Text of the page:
Fare Collection? Prove It!

I sympathize with the T’s difficulties collecting fares on the Green Line.

Traditionally, subway stations (in New York, for example) separate train platforms from the outside world with fare gates.  To get to the platform you have to pay the fare, so when a train arrives everyone can step on immediately.  Many Green Line stations are immediately adjacent to the street, though.  Equipping these with any sort of fare gate would be logistically untenable.

Commuter Rail stations are often similarly situated, but their stops are farther apart.  Conductors can let everyone aboard freely and then collect fares en route.  With some Green Line stops only a block apart, there’s no time for that.

Buses seem like a great model for these streetcar-like trains.  Stops are closely spaced and street-adjacent.  Bus drivers, of course, police fare collection as passengers board through the front door, but on a 22 meter Green Line train one door isn’t enough.  Either passengers will end up “stuck” at the back when they need to alight, or (more likely) people will cluster near the front door, leaving the rest of the car underutilized.

Adding to the unique challenges of the Green Line is one common to most transit systems: everyone’s going the same way.  People commute into the subway in the morning and back out in the evening.  On the Green Line, this means most people are boarding inbound trains at the tricky above-ground stops, but boarding outbound trains at the more traditional underground stations.

The T has tried some interesting solutions to these problems.

Through the end of 2006, for example, outbound trips were free above ground.  The many people disembarking at every stop could use any door.  On inbound trips, they only needed the front door generally, since very few people would need to exit before the subway (and they could stay up front).

For rush hour trips, when one door is simply insufficient, the T tried a “Show-and-Go” program, where passengers with a pass could hold it up while boarding.  An inspector might be on hand to supervise and police the process, or it might be largely an honor system.

In 2007, CharlieCards came out in full force: plastic cards that store cash value and/or monthly passes in electronic form.  Inspectors were then stationed on platforms with hand-held card readers, collecting fares before trains arrived.

These policies express trust in passengers, while still supporting fare collection.  Some people might try to sneak aboard during “Show-and-Go” with an expired pass (or no pass), and some might slip unnoticed onto a platform while an inspector’s back is turned, but they might also be caught and made to pay.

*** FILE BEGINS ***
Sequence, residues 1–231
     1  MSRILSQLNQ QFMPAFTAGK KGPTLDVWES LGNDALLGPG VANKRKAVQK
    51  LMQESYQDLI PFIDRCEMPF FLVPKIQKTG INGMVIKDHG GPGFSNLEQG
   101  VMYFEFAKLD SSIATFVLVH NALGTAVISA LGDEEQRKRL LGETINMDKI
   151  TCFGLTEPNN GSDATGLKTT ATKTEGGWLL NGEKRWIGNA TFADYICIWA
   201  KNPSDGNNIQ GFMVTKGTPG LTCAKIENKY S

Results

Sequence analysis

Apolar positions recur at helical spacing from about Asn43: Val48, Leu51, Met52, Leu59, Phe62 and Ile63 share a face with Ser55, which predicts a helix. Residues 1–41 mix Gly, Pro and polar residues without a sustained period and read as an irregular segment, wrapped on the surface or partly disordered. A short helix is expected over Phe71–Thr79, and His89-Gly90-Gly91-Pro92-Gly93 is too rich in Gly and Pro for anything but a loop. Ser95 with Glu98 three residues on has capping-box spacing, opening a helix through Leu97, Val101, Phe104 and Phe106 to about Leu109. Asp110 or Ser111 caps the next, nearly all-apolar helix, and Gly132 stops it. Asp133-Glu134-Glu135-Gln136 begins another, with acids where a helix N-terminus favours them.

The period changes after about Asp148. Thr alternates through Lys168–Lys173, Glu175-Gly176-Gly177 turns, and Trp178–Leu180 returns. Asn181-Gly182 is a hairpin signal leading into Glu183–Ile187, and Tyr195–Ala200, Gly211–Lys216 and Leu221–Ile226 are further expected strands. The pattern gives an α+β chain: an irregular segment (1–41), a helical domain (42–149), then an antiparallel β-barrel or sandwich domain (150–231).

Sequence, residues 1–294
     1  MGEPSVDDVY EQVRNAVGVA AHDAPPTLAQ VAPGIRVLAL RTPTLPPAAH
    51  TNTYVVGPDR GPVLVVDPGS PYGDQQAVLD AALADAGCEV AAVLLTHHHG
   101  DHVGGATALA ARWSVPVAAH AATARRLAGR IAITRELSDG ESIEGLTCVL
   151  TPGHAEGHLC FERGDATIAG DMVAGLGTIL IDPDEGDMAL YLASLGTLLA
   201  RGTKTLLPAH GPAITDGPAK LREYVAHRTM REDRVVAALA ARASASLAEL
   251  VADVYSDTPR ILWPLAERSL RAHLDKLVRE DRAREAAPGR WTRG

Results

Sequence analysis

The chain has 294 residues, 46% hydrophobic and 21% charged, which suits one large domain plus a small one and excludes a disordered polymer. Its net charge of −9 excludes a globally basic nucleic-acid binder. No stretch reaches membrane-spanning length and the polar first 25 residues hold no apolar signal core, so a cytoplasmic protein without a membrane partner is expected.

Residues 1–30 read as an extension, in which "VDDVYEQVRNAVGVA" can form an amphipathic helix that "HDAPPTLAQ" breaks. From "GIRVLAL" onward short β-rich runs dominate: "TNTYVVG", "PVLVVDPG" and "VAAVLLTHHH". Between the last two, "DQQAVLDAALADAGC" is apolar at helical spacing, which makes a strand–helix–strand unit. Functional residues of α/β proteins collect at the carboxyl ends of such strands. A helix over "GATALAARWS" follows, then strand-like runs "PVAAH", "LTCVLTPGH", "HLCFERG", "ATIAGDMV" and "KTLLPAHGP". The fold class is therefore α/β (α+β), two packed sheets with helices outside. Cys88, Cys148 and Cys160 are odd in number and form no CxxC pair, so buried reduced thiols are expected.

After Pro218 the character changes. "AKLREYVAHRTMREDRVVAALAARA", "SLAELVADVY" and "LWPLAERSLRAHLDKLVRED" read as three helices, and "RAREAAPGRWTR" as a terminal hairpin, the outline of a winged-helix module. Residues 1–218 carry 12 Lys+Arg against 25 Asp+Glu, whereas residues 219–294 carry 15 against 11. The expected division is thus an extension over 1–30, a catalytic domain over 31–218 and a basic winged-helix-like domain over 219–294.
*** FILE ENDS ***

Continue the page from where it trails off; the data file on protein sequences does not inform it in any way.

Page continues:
The inspectors disappeared after a few months, leaving mild chaos in their absence.  They’re back now, but without their card readers—their one weapon in fare collection.  Reduced to the role of “hall monitors,” they now just ask everyone to board through the front door only, sacrificing efficiency for rigidity.

This is insulting.  Morally, I’m entitled to board any train I want: I paid the T $59 for the privilege.  Of course, I expect to have to prove that, so I’ve carried a valid monthly pass each and every time I’ve stepped onto MBTA property.  The insult isn’t the request for passengers to prove they paid; the insult is the assumption that we haven’t.  It’s a subtle but critical distinction.

Assuming most passengers are like me—honest commuters just trying to get to work—the T should let us aboard freely.  To catch fare evaders, ask passengers randomly for proof of their payment.  Many transit systems, including some in California and many abroad, use just such a “Proof of Payment” system.  The T even promised one in 2007, but then never followed through.

Through signage and announcements, ask those paying cash to board at the front door, while letting everyone else board unchecked.  Then have inspectors patrol trains and platforms, asking for proof of payment.  Cash-payers can show a receipt, and everyone else can show their CharlieCard or CharlieTicket.  When you find someone with no payment, levy a $400 fine.  (The current fine for fare evasion is $25.)

Catching one person can then cover the revenue lost from 199 other fare evaders!  Sure, the math is more subtle than that after accounting for people who won’t pay the fine and for the inspectors’ salaries, but it’s workable.

An approach like this restores trust in honest commuters: we can board efficiently at any door.  Cash fares are largely unaffected: they board the front door, like in any of the previous systems (and a good system of warnings for out of town or first-time fare evaders will make it even more transparent).  And true fare evaders?  They finally pay up.

Personally, I’ll strongly support any move toward this system, whether implemented through MBTA policy, or through Massachusetts law.

Leave a Reply

Your email address will not be published. Required fields are marked *